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Allergies in the Classroom: Myths and Misinformation

I have been a member of the allergy community for about 17 years (actually this week is my allerversary, when I first developed a very serious reaction known as anaphylaxis to a food product that for most is completely harmless). Navigating the allergy world for myself and then later, also my child, is a challenging universe.

Here are some important fact that every teacher should absolutely know:

  1. Allergies exist to almost every thing known to man. We hear so much about peanuts and the “top 8” that many do not realize other allergies exist to almost anything that is edible. More over, and please read this sentence twice, any allergen can be a trigger of anaphylaxis ( a life-threatening reaction which causes the airways to swell, the blood-pressure to drop, and can lead to cardiac arrest). Wheat, dairy, soy, etc. can have a range of reactions depending upon each individual. And yes, dairy and wheat (or any other allergy) can trigger anaphylaxis. If a child in your class has a declared allergy, it is imperative that you make yourself aware of what their symptoms are and what to watch for. Make sure you understand what previous reactions have been and if they have a history of anaphylaxis. Just because it isn’t peanuts or tree nuts, don’t assume that the reaction will be “mild.”
  2. Know the child’s emergency plan. This is a plan that is put in to place by the child’s allergist. You should know when to EPI and what the recommendation is about giving antihistamine. Often times the answer is EPI NOW, ask questions later. But again, that is a conversation to have with the school nurse in regards to that child’s specific plan.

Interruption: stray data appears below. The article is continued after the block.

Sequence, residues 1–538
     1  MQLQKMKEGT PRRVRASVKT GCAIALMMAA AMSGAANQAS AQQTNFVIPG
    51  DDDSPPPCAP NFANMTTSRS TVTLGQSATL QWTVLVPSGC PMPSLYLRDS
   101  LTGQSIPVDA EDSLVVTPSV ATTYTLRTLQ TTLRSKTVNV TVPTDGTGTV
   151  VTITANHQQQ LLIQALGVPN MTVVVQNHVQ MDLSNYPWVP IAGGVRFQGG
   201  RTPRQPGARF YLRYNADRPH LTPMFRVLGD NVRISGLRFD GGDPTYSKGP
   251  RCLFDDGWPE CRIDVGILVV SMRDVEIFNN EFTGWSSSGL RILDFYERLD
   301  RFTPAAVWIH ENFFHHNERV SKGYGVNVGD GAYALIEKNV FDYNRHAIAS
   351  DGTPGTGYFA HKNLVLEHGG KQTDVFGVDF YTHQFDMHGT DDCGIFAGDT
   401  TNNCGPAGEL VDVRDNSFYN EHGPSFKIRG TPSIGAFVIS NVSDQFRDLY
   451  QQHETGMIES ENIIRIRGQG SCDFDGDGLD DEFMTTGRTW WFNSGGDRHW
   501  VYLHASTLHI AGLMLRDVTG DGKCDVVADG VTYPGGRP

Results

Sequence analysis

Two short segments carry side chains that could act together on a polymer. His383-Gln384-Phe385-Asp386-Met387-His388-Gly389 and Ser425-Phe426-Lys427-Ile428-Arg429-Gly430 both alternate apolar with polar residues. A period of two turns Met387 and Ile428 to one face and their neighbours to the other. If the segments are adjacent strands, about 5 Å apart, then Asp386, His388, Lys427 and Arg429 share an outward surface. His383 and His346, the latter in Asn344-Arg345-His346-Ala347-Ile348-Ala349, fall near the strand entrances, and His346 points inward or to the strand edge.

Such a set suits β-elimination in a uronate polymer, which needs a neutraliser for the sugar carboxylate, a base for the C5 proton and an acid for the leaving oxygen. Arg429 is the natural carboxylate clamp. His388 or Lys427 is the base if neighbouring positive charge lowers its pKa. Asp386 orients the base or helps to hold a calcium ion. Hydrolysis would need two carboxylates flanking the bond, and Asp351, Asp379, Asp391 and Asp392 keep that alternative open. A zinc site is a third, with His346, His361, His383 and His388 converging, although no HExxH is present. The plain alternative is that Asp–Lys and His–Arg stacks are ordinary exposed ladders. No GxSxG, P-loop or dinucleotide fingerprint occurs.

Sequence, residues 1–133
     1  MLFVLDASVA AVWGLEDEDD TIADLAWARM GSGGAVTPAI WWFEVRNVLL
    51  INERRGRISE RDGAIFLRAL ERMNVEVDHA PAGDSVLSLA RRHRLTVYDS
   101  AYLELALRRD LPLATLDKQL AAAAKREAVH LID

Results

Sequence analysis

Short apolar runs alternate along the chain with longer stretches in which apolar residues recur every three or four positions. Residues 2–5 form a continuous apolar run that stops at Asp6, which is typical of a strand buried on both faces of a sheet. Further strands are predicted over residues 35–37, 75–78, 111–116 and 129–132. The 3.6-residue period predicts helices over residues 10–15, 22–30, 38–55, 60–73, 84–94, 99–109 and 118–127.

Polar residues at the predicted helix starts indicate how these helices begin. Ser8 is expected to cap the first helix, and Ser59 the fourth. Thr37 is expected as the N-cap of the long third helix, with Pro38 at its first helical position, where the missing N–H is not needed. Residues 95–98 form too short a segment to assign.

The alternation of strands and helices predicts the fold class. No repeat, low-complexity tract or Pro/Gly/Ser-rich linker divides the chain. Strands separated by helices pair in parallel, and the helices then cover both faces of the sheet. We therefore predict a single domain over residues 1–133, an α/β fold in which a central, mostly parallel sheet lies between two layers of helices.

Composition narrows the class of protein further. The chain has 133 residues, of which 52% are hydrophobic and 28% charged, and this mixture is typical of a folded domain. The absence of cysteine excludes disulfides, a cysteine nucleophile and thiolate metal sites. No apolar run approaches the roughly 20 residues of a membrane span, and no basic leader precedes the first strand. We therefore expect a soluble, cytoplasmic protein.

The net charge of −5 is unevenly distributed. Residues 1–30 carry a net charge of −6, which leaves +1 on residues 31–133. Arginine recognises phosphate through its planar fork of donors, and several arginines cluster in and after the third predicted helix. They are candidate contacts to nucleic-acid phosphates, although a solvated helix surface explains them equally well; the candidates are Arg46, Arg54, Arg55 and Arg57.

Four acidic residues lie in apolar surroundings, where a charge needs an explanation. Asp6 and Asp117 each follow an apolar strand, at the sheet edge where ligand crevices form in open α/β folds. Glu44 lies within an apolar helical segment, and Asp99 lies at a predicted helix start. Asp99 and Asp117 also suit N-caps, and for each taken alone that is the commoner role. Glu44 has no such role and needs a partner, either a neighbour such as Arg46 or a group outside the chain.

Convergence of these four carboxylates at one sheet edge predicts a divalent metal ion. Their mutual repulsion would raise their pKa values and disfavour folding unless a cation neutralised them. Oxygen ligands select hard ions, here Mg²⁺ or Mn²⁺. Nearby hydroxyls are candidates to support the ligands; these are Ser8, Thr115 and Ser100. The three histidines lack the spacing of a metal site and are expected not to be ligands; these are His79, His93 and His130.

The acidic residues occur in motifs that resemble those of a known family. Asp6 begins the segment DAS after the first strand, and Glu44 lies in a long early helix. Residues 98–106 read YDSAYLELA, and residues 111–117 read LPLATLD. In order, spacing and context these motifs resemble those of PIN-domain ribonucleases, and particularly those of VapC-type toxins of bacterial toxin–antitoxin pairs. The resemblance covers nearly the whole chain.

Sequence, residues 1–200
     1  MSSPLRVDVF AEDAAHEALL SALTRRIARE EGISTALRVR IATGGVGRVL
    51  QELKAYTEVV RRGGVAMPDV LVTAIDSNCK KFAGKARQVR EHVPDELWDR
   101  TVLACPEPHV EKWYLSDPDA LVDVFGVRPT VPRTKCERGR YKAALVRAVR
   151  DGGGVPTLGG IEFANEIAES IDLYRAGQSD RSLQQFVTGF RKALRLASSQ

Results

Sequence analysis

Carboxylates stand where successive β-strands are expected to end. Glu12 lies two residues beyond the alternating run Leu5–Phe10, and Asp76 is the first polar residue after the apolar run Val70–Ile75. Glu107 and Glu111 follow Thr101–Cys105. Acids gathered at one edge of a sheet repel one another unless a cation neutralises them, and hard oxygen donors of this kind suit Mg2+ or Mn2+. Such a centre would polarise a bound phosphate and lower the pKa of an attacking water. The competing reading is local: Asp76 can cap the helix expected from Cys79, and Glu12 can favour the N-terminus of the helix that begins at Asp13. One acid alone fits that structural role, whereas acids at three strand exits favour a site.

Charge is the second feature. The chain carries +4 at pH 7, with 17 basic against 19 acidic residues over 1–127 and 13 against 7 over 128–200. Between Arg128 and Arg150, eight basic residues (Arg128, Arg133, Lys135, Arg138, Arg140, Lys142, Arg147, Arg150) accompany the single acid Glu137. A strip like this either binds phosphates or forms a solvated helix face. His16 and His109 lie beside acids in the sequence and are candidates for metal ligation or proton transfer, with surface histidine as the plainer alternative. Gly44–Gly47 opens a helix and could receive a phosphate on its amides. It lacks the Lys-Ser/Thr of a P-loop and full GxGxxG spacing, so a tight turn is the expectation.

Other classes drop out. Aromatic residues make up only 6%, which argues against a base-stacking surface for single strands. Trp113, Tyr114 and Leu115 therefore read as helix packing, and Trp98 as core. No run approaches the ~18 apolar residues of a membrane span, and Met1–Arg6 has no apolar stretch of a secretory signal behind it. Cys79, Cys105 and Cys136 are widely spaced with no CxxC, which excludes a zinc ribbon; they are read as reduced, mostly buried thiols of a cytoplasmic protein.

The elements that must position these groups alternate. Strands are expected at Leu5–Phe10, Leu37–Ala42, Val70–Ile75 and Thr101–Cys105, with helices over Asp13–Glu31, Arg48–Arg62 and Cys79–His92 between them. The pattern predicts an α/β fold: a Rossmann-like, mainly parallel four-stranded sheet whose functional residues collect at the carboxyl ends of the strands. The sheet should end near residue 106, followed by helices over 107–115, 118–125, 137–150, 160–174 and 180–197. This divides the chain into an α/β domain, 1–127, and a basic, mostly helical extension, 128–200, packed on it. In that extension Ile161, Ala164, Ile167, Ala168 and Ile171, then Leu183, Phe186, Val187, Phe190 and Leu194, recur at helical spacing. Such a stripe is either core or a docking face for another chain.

3. Don’t assume anything. I never gave any food item to a food allergic child without first having the parent approve the ingredient list. I once found that a peanut product was used as a stabilizer in a giant tub of plain chocolate ice-cream. Also, trust me when I say that as food allergic individual, we become the experts of label readers. An allergen can be in a “hidden ingredient” that the average person would never suspect. Let the experts (ie. the parent) do the checking!
  4. Don’t send home treats with kids to be checked out by their parents. The child may decide to eat it en route and what’s worse not have help near by if needed.
  5. Better yet, don’t have food based treats in the classroom at all if possible. Please and Thank-you!
  6. Watch for allergy based bullying. There have been instances where children have becoming dangerously ill because they had their allergen thrown at them. (Yes, any contact with a mucous membrane may trigger a reaction). Additionally, mental and emotional harm is very hard to reverse. Children with food allergies already walk a very difficult line of feeling isolated and feeling safe. Make it your goal to make sure your classroom is a safe environment for that child and do not allow their physical, mental or emotional well-being to be threatened.
  7. Become educated. Food allergies are often associated in pop-culture as being “uncool” (okay, they are a bum deal, but it doesn’t make that person uncool). They have even been the butt of jokes on kid or comedy shows. Understand the emotions that come with allergies. While, individuals with food allergies may report higher feelings of anxiety, it is not the anxiety that triggers the food allergy but rather the food allergy that triggers the anxiety.

Remember, the food-allergic person is only one mistake away from a potentially life-threatening experience and many have already experienced that in their young lives. That is a lot of weight to bear. Let’s make our classrooms allergy friendly.

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